Add a jQuery function to admin pages

I need to add a bit of document ready jQuery to post/page editors in admin. I’m hacking an old plugin that adds a text box to the editor page and handles inserting that text in a template file, but the text input is only html; this document ready function adds the class of mceEditor to the text box. This function works when I manually include it in admin-header.php, but I can’t do that, of course.

I don’t think I need to enqueue it, as it is not a library. Or do I? And, if applicable: what are the pros/cons of different ways to add it?

So how do I hook this or otherwise load it into the post/page editors in admin? It needs to go into the plugin file, not functions.php in the theme.

<script type="text/javascript">

jQuery(document).ready( function () { 
    jQuery("#dt-additional-info").addClass("mceEditor"); 
    if ( typeof( tinyMCE ) == "object" && typeof( tinyMCE.execCommand ) == "function" ) {
        jQuery("#dt-additional-info").wrap( "<div id='editorcontainer'></div>" ); 
        tinyMCE.execCommand("mceAddControl", false, "dt-additional-info");
    }
});

</script>

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I’d be inclined to just do a one off enqueue and be done with it..

It means you have to manage an additional file(the JS file), but when you’re writing code it’s usually a good idea to create some form of organisation with your files(or at least get into the habit of doing so), ie. javascript/jquery in one folder, css is another, keeping PHP and HTML in your main plugin PHP files.

So my suggestion would be to move the jQuery into a js file, then run an enqueue setting jQuery as a dependancy, but no need to register it for a one off call.

Quite a few choices with regard to hooks, but i’d personally go for..

function yournamespace_enqueue_scripts( $hook ) {

    if( !in_array( $hook, array( 'post.php', 'post-new.php' ) ) )
        return;

    wp_enqueue_script( 
        'your_script_handle',                         // Handle
        plugins_url( '/yourfilename.js', __FILE__ ),  // Path to file
        array( 'jquery' )                             // Dependancies
    );
}
add_action( 'admin_enqueue_scripts', 'yournamespace_enqueue_scripts', 2000 );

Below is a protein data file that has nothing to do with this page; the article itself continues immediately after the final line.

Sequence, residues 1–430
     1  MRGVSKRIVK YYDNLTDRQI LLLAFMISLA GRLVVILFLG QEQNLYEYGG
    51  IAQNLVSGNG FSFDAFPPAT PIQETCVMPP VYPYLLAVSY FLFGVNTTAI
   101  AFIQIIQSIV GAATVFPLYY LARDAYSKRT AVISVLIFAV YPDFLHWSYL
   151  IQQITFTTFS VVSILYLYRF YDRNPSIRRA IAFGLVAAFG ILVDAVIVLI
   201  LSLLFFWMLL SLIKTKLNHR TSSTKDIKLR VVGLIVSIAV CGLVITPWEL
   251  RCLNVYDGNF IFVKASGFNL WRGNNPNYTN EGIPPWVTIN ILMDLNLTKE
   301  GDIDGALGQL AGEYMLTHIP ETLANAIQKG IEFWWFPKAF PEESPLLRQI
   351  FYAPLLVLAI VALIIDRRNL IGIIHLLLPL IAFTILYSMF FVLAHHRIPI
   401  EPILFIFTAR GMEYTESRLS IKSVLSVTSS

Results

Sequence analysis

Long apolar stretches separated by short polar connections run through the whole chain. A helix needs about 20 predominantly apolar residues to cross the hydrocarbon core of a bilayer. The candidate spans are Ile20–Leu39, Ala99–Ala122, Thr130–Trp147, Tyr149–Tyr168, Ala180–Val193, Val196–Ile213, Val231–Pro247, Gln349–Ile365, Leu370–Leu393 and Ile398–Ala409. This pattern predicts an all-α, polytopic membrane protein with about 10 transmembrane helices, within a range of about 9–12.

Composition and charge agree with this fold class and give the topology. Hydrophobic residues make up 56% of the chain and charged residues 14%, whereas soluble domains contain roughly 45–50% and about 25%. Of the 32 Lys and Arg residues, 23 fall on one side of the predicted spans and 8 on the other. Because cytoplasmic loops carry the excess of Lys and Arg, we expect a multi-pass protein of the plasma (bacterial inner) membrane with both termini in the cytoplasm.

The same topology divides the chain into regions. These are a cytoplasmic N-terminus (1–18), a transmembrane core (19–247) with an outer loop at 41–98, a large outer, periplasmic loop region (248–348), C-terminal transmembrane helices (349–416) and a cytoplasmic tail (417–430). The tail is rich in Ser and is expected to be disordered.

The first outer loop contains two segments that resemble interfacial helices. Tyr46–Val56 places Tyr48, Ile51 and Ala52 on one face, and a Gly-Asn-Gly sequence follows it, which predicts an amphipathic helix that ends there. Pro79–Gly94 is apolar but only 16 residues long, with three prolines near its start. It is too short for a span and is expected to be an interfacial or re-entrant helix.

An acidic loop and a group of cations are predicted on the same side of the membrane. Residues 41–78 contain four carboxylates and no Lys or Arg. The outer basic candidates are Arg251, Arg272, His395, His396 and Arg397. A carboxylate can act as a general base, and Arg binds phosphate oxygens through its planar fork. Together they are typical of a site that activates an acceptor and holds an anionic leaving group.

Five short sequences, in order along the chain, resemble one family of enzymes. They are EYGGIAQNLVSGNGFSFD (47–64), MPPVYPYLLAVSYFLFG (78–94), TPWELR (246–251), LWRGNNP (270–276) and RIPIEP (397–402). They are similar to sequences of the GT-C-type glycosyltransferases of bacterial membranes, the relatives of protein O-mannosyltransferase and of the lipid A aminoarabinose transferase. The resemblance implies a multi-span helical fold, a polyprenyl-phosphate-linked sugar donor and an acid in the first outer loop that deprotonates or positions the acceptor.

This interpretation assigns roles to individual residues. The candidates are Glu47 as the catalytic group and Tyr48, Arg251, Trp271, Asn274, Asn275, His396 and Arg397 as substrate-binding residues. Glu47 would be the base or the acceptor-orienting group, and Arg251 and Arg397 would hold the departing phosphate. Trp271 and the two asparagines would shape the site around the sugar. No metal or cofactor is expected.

Simply adjust the pages you need the enqueue to run on – in the in_array() call.

Some time ago I needed something like this, this is what I used:

function admin_js() { ?>
    <script type="text/javascript">

        jQuery(document).ready( function () { 
           jQuery("#dt-additional-info").addClass("mceEditor"); 
           if ( typeof( tinyMCE ) == "object" && typeof( tinyMCE.execCommand ) == "function" ) {
               jQuery("#dt-additional-info").wrap( "<div id='editorcontainer'></div>" ); 
               tinyMCE.execCommand("mceAddControl", false, "dt-additional-info");
         }
        });

    </script>
<?php }
add_action('admin_head', 'admin_js');

At that time, I just hooked it to the admin_head action, now I know there’s a whole lot of actions. Perhaps in this case would be better to hook it to the admin_print_scripts action:

add_action('admin_print_scripts', 'admin_js');

Note: This will print the script in the page, if you want to keep it in an external file you’ll have to queue it:

function admin_js() {
    wp_register_script('admin_js', plugins_url( .'/yourplugin/admin-js.js' . ),  array('jquery'));
    wp_enqueue_script('admin_js');
}
add_action('admin_enqueue_scripts', 'admin_js');

And in your admin-js.js file, the javascript:

    jQuery(document).ready( function () { 
       jQuery("#dt-additional-info").addClass("mceEditor"); 
       if ( typeof( tinyMCE ) == "object" && typeof( tinyMCE.execCommand ) == "function" ) {
           jQuery("#dt-additional-info").wrap( "<div id='editorcontainer'></div>" ); 
           tinyMCE.execCommand("mceAddControl", false, "dt-additional-info");
         }
    });

I’m using both this methods on option pages and both of them work with no problems.